Should you buy a house in 2020, a presidential election year?
Financial forecasters love election years. How will the stock market do? Should you buy or sell? Real estate forecasters are no different. What’s the housing market like? Are mortgage rates rising or falling?
As a consumer, it can be confusing. Luckily for you, we’ve compiled insights summarizing what experts say about buying a house in an election year.
To get started with a new home loan or a refinance, use Mortgage 1’s online application. It’s easy, secure and convenient.
Should you buy a house this year? That question can be answered by analyzing the three primary factors that go into house buying:
1. Mortgage rates
2. Housing prices and availability
3. Overall health of the economy
Mortgage rates remain incredibly low. Jerry Meyer, the president of Metro Mortgage Group in Owosso, a division of Mortgage 1, summed it up best recently when he observed that today’s 3-4% mortgage rates are at 50-year lows. “Buyers have never had it so good,” he says.
We gathered some data that confirms his observation. Check out the chart below. It shows 30-year fixed mortgage rates going back to 1970.
The dominant theme here? Election years don’t matter. Mortgage rates have been on a steady decline since 1981. The period when rates were really high in the late 1970s through early-1980s were a time of high inflation, high unemployment and a stagnant economy. None of that applies today.
If you plan on staying on the sidelines until after November 4 to get a mortgage, you might want to reconsider. There are bigger forces at play.
When it comes to mortgage rate predictions for 2020, most economists project the Fed will keep rates flat for the whole year, and the 10-year Treasury yield – which mortgage rates tend to follow – is likely to remain flat as well. That’s good news for homebuyers, and even those looking to refinance. Michael Fratantoni, chief economist at the Mortgage Bankers Association, says rates for 30-year mortgages should be little changed: “An average of 3.7 percent – right where they were in 2019.”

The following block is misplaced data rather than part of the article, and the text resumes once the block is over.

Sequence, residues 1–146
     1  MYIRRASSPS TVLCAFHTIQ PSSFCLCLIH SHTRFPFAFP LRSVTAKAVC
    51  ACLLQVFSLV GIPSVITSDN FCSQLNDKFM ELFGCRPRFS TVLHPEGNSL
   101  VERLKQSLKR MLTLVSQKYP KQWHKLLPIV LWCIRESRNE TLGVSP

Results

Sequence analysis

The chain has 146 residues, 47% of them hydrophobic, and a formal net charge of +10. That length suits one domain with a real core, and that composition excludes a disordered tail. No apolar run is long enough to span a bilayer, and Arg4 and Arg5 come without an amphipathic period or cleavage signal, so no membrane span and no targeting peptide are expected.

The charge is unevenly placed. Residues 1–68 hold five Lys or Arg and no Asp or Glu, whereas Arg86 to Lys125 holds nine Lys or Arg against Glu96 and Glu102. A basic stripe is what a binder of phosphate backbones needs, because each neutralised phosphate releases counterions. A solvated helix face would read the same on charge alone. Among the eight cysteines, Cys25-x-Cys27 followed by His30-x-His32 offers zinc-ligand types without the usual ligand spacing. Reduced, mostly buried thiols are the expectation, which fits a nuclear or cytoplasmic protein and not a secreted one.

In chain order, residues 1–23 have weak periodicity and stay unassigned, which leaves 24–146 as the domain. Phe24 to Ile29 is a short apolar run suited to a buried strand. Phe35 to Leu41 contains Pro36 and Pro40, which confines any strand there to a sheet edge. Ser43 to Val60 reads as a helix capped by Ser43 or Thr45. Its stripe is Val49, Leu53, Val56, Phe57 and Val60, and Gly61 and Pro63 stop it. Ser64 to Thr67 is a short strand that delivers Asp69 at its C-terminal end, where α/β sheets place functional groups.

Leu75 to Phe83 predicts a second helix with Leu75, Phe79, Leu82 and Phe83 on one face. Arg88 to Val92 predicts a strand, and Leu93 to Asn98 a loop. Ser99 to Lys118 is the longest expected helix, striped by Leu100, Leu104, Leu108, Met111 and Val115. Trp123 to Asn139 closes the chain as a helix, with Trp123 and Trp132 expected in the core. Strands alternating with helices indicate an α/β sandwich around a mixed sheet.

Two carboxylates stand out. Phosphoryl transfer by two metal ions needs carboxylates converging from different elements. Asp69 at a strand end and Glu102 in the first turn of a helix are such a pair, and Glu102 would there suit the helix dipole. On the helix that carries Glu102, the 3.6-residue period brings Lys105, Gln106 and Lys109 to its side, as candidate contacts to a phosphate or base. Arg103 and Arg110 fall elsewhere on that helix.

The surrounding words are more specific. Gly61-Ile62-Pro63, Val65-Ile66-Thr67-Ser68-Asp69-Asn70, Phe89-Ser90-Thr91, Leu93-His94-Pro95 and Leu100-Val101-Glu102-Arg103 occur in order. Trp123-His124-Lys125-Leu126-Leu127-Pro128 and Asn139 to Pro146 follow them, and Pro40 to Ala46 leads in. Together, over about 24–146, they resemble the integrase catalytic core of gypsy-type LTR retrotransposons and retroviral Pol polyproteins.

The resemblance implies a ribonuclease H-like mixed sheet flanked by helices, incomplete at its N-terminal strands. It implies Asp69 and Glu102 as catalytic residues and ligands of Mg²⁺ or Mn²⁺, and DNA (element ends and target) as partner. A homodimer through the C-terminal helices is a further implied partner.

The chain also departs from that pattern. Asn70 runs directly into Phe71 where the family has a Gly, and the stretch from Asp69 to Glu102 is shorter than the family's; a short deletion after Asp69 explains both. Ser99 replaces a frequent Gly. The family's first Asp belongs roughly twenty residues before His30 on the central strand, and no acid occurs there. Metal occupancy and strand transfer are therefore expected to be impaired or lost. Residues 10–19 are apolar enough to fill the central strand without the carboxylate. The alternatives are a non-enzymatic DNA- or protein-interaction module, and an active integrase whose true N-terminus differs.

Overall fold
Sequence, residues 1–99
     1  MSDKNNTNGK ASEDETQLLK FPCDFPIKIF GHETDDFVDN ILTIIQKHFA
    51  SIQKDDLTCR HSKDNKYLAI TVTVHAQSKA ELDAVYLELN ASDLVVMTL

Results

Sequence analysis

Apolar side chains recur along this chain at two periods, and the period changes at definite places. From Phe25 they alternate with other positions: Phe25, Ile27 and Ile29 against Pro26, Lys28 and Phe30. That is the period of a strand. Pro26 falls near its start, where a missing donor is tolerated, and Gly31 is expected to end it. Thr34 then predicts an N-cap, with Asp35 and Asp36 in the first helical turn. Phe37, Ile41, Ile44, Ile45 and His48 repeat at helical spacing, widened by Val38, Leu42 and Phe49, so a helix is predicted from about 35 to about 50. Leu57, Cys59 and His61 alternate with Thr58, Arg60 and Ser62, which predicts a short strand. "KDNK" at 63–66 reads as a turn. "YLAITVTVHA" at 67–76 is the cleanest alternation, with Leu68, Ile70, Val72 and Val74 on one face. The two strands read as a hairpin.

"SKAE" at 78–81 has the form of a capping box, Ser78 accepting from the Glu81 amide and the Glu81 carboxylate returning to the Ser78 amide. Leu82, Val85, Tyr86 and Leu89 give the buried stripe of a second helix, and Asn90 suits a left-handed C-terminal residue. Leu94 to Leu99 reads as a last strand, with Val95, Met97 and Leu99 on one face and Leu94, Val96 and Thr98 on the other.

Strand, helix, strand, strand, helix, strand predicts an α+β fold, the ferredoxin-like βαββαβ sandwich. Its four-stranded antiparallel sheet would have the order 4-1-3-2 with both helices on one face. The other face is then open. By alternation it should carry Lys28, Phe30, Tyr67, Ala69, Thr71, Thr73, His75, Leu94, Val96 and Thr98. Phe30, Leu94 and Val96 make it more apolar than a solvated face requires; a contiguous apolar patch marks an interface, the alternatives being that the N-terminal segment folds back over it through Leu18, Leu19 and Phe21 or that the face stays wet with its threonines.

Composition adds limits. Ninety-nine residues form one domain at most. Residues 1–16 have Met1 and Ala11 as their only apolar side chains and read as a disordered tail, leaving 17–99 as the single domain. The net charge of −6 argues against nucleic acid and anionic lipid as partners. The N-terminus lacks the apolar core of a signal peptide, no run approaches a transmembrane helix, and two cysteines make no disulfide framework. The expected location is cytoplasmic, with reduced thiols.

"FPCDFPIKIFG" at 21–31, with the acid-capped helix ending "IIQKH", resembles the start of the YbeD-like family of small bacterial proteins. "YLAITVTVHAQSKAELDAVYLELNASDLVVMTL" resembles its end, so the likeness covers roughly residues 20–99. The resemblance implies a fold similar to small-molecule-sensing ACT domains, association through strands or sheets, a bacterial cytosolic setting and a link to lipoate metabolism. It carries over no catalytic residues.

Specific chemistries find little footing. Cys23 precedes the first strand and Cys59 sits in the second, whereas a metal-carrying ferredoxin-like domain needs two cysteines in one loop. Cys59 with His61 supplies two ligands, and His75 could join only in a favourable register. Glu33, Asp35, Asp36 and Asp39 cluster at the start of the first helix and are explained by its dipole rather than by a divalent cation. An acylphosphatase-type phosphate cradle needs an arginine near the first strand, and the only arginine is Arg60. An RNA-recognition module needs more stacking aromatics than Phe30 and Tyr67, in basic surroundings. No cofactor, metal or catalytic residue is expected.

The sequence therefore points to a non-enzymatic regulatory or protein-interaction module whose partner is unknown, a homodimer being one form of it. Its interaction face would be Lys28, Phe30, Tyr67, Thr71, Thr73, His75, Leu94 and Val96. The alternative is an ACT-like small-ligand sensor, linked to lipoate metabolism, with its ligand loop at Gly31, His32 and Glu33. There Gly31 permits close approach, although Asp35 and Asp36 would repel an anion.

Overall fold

During election years, housing prices are lower.
According to a study by movoto.com, house prices typically rise 1.5% less during an election year than in the year prior to the election, and 0.8% less than in the year following the election.
Financial analysts Greenfield Advisors found a similar effect. Using the Freddie Mac House Price Index, they found that housing prices rose more in non-election years than in election years (see the table below).
Data from http://www.freddiemac.com/finance/fmhpi/archive.html
The U.S. economic outlook is healthy for 2020, according to key economic indicators. The most critical indicator is the gross domestic product, which measures the nation’s production output. The GDP growth rate is expected to fall below the 2% and 3% ideal range. Unemployment is forecast to continue below the natural rate. There isn’t too much inflation or deflation. That’s close to a Goldilocks economy.
Don’t stay on the sidelines during the election season, not while mortgage rates remain low and other economic indicators are favorable. Get started on a refinance or a new home loan today with Mortgage 1’s online application.